Morning: talk by visiting artist Sigune Hamann, who gave an overview of her diverse body of work and introduced the ideas for a project that she and Jonathan Kearney are developing with Oxford University. They have been successful in getting some funding to explore links between students at Camberwell College of Arts and the Neuroscience and Experimental Psychology department at Oxford.
A painfully early start for some people, meeting at 08.45 for a morning of group tutorials (and this was going to be a long day not finishing until after 22.00!).
09.00 – Four invited artists lead small group discussions with each student having about 30 mins to present about an aspect of their work. The four artists, Jonny Briggs, Kaori Homma, Gareth Polmeer and Rosie Sherwood are great facilitators/tutors and each group had a diverse mix of 1st & 2nd year students, online and London based.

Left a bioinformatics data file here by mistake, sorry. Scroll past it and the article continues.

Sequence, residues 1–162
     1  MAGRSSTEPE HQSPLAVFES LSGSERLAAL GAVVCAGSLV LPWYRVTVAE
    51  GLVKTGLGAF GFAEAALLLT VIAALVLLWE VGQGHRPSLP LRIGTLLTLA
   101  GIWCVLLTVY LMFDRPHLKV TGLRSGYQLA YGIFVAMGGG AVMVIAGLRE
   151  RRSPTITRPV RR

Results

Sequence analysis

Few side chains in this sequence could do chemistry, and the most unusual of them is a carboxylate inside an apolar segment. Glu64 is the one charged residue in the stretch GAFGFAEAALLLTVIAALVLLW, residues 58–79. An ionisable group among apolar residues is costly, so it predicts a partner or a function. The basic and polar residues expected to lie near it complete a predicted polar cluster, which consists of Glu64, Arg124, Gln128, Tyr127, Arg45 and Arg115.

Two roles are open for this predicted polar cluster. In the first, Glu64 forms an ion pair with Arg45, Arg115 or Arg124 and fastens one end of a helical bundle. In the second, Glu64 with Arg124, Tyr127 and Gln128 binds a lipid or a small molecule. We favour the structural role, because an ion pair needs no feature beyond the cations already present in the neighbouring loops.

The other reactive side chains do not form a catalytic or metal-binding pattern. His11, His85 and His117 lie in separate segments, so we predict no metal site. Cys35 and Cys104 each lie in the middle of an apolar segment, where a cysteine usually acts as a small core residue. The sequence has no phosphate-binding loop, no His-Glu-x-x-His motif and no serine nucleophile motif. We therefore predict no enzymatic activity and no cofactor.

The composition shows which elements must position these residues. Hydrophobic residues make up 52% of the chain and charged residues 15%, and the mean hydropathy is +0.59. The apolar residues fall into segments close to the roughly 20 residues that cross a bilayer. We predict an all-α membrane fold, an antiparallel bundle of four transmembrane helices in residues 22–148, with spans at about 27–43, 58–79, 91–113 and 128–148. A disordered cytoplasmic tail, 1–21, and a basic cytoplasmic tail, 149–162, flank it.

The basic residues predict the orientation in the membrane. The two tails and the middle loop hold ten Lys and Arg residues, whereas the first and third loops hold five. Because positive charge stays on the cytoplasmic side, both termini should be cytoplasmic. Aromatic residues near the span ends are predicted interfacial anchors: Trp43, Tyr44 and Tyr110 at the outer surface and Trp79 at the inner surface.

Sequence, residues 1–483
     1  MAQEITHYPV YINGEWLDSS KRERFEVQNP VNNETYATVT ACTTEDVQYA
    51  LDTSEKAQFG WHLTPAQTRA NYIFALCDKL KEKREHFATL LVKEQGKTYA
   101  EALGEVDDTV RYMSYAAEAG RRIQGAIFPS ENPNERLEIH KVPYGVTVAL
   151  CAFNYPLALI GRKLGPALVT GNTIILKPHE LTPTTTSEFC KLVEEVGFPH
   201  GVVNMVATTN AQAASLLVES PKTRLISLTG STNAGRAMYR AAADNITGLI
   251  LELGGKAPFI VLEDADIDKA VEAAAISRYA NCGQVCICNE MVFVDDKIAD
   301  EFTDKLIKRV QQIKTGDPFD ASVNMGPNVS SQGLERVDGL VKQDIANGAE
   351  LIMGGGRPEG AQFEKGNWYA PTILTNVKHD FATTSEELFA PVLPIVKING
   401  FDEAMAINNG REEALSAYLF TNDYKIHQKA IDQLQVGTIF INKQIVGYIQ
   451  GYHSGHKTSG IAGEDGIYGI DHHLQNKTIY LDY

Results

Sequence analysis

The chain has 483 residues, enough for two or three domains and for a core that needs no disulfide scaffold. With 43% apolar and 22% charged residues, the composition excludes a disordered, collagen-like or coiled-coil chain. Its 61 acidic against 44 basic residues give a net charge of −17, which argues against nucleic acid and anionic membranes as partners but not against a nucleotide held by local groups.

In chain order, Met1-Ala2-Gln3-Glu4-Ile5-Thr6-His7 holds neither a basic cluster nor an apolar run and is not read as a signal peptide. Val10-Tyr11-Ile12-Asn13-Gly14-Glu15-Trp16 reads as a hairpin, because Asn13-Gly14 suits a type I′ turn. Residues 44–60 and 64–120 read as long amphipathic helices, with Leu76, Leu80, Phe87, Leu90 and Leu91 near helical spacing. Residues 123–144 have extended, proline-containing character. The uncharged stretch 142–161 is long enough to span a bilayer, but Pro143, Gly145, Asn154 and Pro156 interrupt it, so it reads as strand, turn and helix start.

14.00 – After 4 hours of the tutorials and a short break for lunch it was straight into a lecture titled; ‘Demystifying postmodern obscurity’! Gareth Polmeer (who had earlier been leading one of the group tutorials) was drawing on his own research exploring the German philosopher Hegel and how his ideas about art can be helpful in cutting through the often deliberate obscurity of popular art school ideas and theories. He quoted Nietzsche: ‘Those who know that they are profound strive for clarity. Those who would like to seem profound strive for obscurity.’
16.00 – The day was far from over. After the lecture we walked to 3 local galleries, South London Gallery, Peckham Platform & Assembly Point.
18.00 – A more relaxed finish to the day, we went to course leader Jonathan’s home for a meal.
After 2 days based at Camberwell College of Arts doing workshops day 8 was full of visits around London. First was the Stanley Kubrick archive held at London College of Communication one of the other colleges of the University of the Arts London.